What is Thiel College doing right? Enrollment is rising while others are falling

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GREENVILLE, Pa. (WKBN) – Thiel College is bucking the trend when it comes to enrollment for school.

While many universities and colleges are seeing declining enrollment, Thiel is getting more students. The Greenville school had 758 students in the fall of 2020. This year it has 829.

The university credits new programs, scholarship aid to students and a learning environment that helps students as the reasons for their success.

Thiel College enrollment growth rises above national and regional higher education trends.

Thiel College is bucking the trends of recently published reports in western Pa. media citing declining enrollments at colleges and universities regionally and nationally. The Pittsburgh Post-Gazette and the Pittsburgh Tribune-Review reported recently that the national enrollment rate for the Fall 2021 semester is down an additional 3.2 percent following a decline of 3.4 percent in the previous academic year.

Thiel College stands in contrast to those numbers. Enrollment increased by 7.5 percent in 2020 and just shy of 10 percent in 2021. Undergraduate enrollment grew about 4 percent each of the last two years.

The reports identify the aftermath of the COVID-19 pandemic as a primary cause of the current decline. Doug Shapiro, the executive director of the National Student Clearinghouse Research Center, said if the trends continue this enrollment could be the largest enrollment decline in the last 50 years.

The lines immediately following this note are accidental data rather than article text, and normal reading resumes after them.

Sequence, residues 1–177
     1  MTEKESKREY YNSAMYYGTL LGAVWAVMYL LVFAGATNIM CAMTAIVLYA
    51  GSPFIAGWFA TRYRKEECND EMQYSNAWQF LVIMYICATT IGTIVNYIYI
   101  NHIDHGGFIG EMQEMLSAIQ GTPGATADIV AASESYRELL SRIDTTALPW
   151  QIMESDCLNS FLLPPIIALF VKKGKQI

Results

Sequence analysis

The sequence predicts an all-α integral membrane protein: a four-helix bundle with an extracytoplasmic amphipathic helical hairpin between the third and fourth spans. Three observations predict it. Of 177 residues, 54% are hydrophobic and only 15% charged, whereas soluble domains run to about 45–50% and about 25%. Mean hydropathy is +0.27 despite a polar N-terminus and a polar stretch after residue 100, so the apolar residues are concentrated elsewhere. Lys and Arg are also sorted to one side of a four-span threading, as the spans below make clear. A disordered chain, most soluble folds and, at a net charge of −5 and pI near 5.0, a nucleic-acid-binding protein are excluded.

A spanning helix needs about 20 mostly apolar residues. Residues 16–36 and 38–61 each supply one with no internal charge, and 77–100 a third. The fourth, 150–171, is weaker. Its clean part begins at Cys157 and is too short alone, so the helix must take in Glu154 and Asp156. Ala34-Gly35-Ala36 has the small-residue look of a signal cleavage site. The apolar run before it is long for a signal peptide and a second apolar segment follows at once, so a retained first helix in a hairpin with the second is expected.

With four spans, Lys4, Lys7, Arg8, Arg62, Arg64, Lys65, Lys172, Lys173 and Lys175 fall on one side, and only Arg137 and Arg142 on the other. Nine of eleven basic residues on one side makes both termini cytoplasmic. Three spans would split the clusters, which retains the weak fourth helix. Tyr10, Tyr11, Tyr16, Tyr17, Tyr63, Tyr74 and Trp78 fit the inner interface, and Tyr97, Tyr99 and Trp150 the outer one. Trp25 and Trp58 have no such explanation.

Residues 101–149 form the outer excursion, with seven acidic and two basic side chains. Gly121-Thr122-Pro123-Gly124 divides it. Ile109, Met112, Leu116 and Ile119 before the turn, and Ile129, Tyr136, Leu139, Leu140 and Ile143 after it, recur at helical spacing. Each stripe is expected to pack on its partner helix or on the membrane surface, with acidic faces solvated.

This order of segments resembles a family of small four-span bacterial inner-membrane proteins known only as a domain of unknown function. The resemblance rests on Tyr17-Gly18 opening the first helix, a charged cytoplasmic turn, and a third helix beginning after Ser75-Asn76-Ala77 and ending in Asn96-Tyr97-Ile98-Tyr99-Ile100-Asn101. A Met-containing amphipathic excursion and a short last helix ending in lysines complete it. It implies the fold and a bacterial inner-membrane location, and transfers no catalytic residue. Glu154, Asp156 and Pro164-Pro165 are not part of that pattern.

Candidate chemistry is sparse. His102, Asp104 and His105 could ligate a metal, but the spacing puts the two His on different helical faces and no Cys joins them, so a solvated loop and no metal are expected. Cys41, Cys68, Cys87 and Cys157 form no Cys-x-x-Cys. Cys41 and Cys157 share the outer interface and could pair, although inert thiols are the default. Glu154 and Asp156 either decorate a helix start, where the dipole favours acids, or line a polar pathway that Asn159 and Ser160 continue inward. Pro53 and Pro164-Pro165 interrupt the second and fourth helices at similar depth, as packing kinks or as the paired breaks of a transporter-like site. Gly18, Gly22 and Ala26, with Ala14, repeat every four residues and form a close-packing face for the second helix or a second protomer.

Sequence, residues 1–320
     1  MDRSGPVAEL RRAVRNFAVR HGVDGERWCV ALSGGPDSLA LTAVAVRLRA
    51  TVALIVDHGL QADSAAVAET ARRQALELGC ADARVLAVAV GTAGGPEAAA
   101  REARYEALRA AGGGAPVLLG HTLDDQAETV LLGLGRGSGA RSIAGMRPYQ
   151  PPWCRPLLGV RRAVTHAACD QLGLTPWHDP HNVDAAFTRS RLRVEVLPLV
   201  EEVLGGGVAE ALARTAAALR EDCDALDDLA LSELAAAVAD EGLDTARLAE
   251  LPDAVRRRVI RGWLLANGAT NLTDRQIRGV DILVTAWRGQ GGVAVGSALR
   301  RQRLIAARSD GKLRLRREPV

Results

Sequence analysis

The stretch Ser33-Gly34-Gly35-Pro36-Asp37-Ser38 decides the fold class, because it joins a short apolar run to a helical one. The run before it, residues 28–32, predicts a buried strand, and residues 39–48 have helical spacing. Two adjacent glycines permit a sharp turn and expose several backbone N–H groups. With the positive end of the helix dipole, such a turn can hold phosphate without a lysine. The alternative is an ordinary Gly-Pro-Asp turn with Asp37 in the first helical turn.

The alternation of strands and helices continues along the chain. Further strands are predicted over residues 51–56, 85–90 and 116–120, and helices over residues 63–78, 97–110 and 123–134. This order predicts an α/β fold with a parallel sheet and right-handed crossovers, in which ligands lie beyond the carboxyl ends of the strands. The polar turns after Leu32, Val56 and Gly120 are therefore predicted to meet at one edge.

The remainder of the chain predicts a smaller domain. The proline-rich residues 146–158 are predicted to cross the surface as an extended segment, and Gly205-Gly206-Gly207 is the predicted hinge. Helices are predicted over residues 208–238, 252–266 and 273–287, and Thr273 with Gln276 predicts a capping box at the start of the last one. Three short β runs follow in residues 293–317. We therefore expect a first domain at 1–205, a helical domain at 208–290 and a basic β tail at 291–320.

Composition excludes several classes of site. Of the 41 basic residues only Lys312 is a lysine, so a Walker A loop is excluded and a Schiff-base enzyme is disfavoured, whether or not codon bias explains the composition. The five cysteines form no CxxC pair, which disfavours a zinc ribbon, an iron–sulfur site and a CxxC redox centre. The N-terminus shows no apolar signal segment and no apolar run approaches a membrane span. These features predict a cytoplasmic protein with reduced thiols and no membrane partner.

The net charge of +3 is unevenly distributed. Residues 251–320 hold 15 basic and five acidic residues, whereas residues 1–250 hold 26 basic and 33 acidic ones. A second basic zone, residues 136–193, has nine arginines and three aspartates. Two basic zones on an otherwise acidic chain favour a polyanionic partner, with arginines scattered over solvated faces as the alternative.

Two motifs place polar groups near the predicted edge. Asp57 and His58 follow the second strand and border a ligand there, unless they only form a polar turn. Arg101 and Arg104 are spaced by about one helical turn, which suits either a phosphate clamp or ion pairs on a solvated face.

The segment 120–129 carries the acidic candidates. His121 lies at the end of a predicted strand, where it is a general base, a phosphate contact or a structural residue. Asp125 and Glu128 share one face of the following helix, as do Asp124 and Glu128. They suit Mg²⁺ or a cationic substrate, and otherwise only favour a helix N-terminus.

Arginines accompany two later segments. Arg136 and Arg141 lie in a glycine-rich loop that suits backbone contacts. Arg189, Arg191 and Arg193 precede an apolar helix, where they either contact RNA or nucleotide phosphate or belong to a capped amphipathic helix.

Thiel College has added graduate programs for business administration, clinical mental health counseling, communication and leadership, physician assistant studies and speech-language pathology.

The College has also added new undergraduate degrees in data analytics, environmental safety management, exercise science and a new collaborative Bachelor of Science in Nursing degree.

Thiel’s nursing degree comes at a time when the importance of healthcare workers has been emphasized during the worldwide pandemic. Even before COVID-19, the need for nurses was apparent. A state audit said Pennsylvania is going to be short 4,000 to 5,000 nurses by 2026.

Thiel College President Susan Traverso said focusing on areas such as health care and providing a path for students to be flexible in their education goals has been key in recruiting students.

“We do keep our eye on the demographics. There is a declining number of 18-year-olds in this region, which is a challenge for all colleges. I’m happy to report that our efforts to offer new undergraduate and graduate programs have led to enrollment increases,” Traverso said. “At Thiel, our emphasis is on letting students shape themselves into the type of leader they want to be.”

 Mr. Rogers and Amelia Earhart have honorary degrees from Thiel.

“We spend a lot of time helping students weave together their undergraduate experience in a very personal level, and we can do that because of our size, honestly,” Traverso said.

Traverso is also excited about the growth in Thiel’s graduate programs, including a new one which starts in August. Thiel has 61 students in graduate programs now and anticipates over 100 for the next school year.

Locally, state universities such as Youngstown State University and Kent State University have seen their enrollment numbers fall. Enrollment was down at Kent State by 1.2% at the main campus and 11.5% at regional campuses. At YSU, enrollment is down over 7%.

YSU’s enrollment is the lowest it has been since becoming a state university in 1967. Cuts to programs and staff have begun at YSU, but university officials say the YSU is on solid ground and will remain that way due to the elimination of programs that had zero or no enrollment.

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